In a recent article posted on the Sacramento Bee’s website, the Freedom Foundation’s mission was validated by a report showing an increase in opt-outs during the COVID-19 pandemic among most state workers’ unions.
Many of these unions, including SEIU 1000 and AFSCME, blame the membership drop on the fact that they cannot hold face-to-face meetings during the pandemic. They claim this has negatively impacted membership rates among new hires.
But that’s only half the story.
For SEIU 1000, which represents nearly half of all unionized state workers, its potential membership pool reportedly increased by 3,277 while the actual number of dues paying members decreased by 1,248.
Unions have long counted on in-person, captive-audience meetings to increase membership rolls, and they’re so important that these kinds of meetings are usually baked into collective bargaining agreements with public jurisdictions.
Without these meetings, it makes sense that prospective members would not be joining at the usual rate.
While this could account for the lack of new members, it doesn’t fully account for the membership drop.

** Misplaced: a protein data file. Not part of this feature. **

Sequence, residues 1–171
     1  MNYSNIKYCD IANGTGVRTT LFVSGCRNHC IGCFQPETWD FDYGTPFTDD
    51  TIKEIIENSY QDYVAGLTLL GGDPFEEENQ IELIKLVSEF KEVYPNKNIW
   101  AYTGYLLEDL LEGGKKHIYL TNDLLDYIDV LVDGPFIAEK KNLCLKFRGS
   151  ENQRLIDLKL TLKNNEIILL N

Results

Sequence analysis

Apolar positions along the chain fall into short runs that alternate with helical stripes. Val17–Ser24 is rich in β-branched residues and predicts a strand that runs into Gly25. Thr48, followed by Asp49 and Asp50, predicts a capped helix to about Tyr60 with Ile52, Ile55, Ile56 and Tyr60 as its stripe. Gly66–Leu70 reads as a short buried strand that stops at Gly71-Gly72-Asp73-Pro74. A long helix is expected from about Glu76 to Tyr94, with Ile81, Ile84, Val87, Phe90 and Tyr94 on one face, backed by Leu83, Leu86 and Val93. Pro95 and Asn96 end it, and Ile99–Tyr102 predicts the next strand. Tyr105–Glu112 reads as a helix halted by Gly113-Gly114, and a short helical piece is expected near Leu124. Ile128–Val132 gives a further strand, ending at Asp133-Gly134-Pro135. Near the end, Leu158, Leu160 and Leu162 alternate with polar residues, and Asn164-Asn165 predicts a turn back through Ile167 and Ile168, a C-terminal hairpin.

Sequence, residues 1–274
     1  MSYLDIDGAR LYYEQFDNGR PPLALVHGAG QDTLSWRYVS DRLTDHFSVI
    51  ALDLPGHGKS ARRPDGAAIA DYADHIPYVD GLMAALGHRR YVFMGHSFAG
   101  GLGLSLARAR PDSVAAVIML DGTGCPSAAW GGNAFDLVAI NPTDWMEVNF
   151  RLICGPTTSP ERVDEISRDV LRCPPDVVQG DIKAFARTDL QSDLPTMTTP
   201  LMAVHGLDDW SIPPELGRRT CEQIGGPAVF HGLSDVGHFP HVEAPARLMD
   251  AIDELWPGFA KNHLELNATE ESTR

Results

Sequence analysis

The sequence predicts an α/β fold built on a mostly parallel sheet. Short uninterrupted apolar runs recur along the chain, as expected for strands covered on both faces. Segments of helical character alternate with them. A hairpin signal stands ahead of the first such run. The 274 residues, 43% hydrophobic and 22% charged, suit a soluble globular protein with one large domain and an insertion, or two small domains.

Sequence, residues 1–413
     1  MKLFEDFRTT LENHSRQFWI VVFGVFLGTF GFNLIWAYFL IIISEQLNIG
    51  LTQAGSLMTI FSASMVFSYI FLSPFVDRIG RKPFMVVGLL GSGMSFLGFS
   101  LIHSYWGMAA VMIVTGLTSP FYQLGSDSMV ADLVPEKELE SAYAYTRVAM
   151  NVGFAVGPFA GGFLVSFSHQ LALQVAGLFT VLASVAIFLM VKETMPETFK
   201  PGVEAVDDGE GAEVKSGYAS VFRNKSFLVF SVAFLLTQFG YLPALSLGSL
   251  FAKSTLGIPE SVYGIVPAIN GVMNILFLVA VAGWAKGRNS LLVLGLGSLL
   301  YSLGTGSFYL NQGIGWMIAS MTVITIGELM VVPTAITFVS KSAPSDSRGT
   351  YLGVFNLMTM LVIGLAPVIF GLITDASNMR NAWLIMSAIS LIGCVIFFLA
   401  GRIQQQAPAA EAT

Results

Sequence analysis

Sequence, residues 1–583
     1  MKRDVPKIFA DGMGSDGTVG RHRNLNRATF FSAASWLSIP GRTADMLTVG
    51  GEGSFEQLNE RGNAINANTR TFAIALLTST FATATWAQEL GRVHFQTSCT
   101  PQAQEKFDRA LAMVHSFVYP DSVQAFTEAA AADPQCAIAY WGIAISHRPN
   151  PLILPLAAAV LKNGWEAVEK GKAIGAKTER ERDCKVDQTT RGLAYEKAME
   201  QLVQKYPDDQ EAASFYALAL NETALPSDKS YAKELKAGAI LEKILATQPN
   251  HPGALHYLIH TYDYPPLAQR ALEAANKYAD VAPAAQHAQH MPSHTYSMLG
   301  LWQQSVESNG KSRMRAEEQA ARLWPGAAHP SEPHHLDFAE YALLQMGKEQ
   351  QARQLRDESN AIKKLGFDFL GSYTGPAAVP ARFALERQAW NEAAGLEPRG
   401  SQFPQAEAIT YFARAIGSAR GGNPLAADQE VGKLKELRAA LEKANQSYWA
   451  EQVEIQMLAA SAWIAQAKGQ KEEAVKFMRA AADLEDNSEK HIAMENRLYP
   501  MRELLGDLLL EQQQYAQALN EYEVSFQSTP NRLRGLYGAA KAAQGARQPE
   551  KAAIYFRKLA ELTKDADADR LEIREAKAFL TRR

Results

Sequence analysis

Luckily, we have the ability to show what happened to the 1,248 members who dropped their membership (and then some).
According to the Freedom Foundation’s own statistics, more than 1,600 SEIU 1000 members have dropped their membership during the same time period the story covers (Feb. 1-Aug. 1).
This is due almost entirely to our outreach strategy, which included handing out thousands of informational documents to SEIU 1000 members at their places of work and multiple email campaigns to inform unit members of their constitutional right to cease paying union dues under Janus v. AFSCME (2018)
This translates to a loss of $1.3 million in revenue during that seven-month period.
Since a SEIU 1000 spokesman declined to comment on the story, per the Sacramento Bee, we’re more than happy to fill in for them.
There are a few likely reasons that SEIU 1000 members would consider leaving — though you can bet SEIU 1000 wouldn’t want to speak publicly about them.
For one, SEIU 1000 negotiated a nearly 10 percent pay cut for its membership in the form of two furlough days per month. This was in response to budget issues in California related to the COVID-19 pandemic.
While it’s unlikely SEIU 1000 could have done much to alleviate these, it could have reduced the amount of dues members pay to help make up for the loss to its members personal finances.
But it didn’t.
All of this has created a situation where SEIU is currently sitting at a 54 percent membership ratio, with 46 percent of unit members no longer paying union dues.